What the women who became involved with ASCII had in common was, first of all, that most of them were from somewhere else other than the Netherlands. They were also all passionately and idealistically dedicated to different individual issues and movements to make the world a better place. Although not all of them came from a tech background, the usefulness of email and the Internet for maintaining contacts around the world and for activist networking were immediately obvious to all of them. In addition, Linux and the approach of Free Software development based on a collaborative group effort corresponded with their experiences in women’s networks and feminist contexts and meshed well with the other work they were already doing.
Free Software has been linked with feminist strategies at meetings, on mailing lists and in exchanges among women, but whereas the percentage of women in computing is generally lower than the percentage of men, in Free Software women are even more poorly represented, with percentages of female developers as low as 0.5 to 1.5%. Why this is the case has frequently been the subject of heated and sometimes vitriolic online debates and more thoughtfully and seriously considered in conference panel discussions. In her frequently cited “HOWTO Encourage Women in Linux”, Val Henson describes a broad spectrum of attitudes and situations that discourage women in computing in general and Linux in particular, ranging from blatant misogynist sexism to the abrasiveness of rough competition for status and recognition for coding prowess, all the way to lonely desperation: “[…] often, the people most anxious for more women in Linux are also the people most likely to accidentally drive them away. Frequently, men who want more women in Linux solely so they have a better chance of finding a girlfriend end up acting in ways that end up driving women away instead!” The “Do’s and Don’t’s” section of the HOWTO reflects the experiences of women literally all over the world with Linux User Groups (LUGs) and other gatherings of programmers and developers, and the experiences of the women who became involved in ASCII were similar to the experiences of other women in comparable contexts from the late nineties up to the present day. What makes experiences like this all the more difficult to deal with is that in a context like ASCII with shared goals and ideals and a DIY culture it is not a case of “men” (abstract, generalized) vs. “women” (equally abstract and generalized). Instead, the people involved may be friends, comrades, lovers, competitors, peers in a complex network of relationships and shifting constellations.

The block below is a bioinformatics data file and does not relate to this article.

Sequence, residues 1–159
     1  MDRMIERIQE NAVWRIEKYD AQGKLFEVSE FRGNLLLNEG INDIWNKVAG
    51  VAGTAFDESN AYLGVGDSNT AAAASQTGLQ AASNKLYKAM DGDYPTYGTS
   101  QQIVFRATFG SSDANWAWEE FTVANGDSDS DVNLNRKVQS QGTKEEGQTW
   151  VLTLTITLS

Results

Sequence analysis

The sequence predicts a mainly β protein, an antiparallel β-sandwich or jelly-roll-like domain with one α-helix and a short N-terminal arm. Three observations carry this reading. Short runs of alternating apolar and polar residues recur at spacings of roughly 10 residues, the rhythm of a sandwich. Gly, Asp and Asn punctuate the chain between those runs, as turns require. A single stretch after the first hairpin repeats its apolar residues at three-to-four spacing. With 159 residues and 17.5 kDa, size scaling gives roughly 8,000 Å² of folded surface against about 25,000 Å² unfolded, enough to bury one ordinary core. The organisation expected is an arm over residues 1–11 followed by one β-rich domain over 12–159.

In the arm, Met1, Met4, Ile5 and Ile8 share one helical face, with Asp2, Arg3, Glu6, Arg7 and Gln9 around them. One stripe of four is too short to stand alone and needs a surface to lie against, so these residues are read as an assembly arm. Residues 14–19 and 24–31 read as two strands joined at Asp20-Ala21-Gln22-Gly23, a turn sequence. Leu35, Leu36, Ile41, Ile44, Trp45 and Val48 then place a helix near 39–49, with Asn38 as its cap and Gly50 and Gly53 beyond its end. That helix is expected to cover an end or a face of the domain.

Because they shared the goals and ideals of ASCII and because these goals and ideals were important to them, the women who were becoming frustrated by a lack of the kind of encouragement propagated in Henson’s HOWTO did not give up and leave, but decided in the spirit of Free Software to modify the organization to suit their own needs. They began meeting purposely as women in a subgroup to share the skills they had acquired with one another and to help and encourage one another to further develop their knowledge and technical skills. A special focus from the start was on hardware: “Hardware is tangible, real and visible. It's easy to work with, accessible. Everyone can do it, you don't need any schooling or experience to take it apart and put it back together again. Working with hardware is fun and sparks the ‘eureka’ feeling in nearly everyone that has followed one of our Hardware Courses! Knowing computer hardware, being able to picture the devices and put life into the jargon is essential to continued growth in ICT.” The idea caught on and soon started attracting more women, the small group of ASCII women developed a kind of group identity, and in November 1999 they gave themselves a name: the Gender Changer Academy.
What is a genderchanger? “We did not make up this term, we are re-using it. The tech industry created it. Technically and literally a gender changer is a computer part […]. It is an adapter that changes the ‘sex’ of a port. Ports with pins are said to be male, ports with holes are said to be female. In the situation where two pieces of hardware both have the same port, an adapter saves the day and makes a connection possible. We are reclaiming the term to mean a person interested in the gendered aspects of technology.”